• Product (Process) innovation
  • Marketing (Process) innovation
  • Organisational (Process) innovation

Let me delve more into each scenario.

  1. Product (Process) innovation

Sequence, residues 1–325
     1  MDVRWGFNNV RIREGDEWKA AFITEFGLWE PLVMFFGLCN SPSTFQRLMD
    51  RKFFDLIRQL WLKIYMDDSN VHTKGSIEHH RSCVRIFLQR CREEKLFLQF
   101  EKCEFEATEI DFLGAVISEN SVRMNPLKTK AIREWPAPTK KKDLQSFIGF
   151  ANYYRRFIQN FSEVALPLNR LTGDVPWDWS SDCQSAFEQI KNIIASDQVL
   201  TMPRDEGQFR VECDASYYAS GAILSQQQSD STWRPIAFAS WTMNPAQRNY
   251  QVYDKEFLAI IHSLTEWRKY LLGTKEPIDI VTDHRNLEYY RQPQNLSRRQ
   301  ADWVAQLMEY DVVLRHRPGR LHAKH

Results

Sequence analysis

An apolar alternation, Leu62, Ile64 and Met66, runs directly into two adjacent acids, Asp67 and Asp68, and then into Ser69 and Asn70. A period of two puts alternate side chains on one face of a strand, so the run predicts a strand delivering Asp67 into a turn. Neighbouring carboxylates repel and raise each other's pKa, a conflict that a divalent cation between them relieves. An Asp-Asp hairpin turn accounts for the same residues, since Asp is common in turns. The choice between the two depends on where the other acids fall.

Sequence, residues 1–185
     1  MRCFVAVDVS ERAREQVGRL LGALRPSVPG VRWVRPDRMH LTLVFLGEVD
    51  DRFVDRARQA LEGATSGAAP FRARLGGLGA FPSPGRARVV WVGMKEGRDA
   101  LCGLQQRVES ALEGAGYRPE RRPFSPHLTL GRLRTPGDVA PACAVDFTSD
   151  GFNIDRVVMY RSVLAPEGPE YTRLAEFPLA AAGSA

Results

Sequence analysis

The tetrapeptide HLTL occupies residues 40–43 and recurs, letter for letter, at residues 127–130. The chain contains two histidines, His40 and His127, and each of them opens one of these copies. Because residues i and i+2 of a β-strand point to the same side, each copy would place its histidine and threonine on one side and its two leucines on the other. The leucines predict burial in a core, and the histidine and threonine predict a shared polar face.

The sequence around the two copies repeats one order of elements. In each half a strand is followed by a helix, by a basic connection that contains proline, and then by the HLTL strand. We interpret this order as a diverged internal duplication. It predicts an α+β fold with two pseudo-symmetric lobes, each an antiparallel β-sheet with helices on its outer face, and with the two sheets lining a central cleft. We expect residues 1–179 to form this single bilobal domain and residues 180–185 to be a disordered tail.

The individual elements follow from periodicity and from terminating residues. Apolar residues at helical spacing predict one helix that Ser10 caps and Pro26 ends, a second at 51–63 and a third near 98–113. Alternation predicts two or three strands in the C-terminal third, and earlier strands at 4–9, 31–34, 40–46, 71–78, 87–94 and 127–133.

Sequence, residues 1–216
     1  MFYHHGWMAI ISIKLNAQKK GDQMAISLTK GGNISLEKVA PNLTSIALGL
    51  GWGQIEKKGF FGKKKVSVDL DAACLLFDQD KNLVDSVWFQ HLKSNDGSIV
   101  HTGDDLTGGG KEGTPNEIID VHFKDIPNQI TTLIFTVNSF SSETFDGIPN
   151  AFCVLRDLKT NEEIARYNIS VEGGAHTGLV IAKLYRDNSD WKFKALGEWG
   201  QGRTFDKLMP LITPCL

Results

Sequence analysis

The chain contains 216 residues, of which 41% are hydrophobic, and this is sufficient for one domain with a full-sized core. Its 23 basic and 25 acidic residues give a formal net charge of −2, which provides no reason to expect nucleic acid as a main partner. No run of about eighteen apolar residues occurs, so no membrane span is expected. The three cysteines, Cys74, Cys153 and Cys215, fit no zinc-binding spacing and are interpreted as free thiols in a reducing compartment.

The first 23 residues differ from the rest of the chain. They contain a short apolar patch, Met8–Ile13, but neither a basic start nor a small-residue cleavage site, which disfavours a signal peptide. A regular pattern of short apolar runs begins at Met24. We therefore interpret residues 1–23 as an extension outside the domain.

Whenever a new product (or improvement or feature) is considered, it is not enough to have just an idea or identify a need to launch it. If that was the case, the success rate of startups would have been 100% and not between 10 & 50% as industry analysts say. Businesses need to think radically even for identifying / creating the need, cost benefit analysis of product creation, taking it to market (in usual way), etc. In other words, innovative processes are necessary to even consider a potential product. When it comes to implementation, process becomes even more important. Businesses cannot afford to launch a product inefficiently. Take the example of GPS in smart watches as a product innovation. While it takes a lot to build the technology in the watch to pin-point the wearer’s location, it depends a lot on the process of how that technology is used. Innovation of the trilateration process is key to the success of a product using this technology.There are very good me-too companies in all industries, who are on the watch for innovators with poor implementation strategy. They are process specialists – they do not spend on idea generation, but they do so heavily to identify new ways of delivering the product cheaper, faster, better. Often the characteristics of the product such as shape and external design itself must be changed to synchronize with the delivery approach. Here the delivery process itself is an input for the product design. One could argue that this is process innovation, but it is the product that is being delivered to the customer in a better form and by a better method and therefore the whole package is innovated rather than just the process.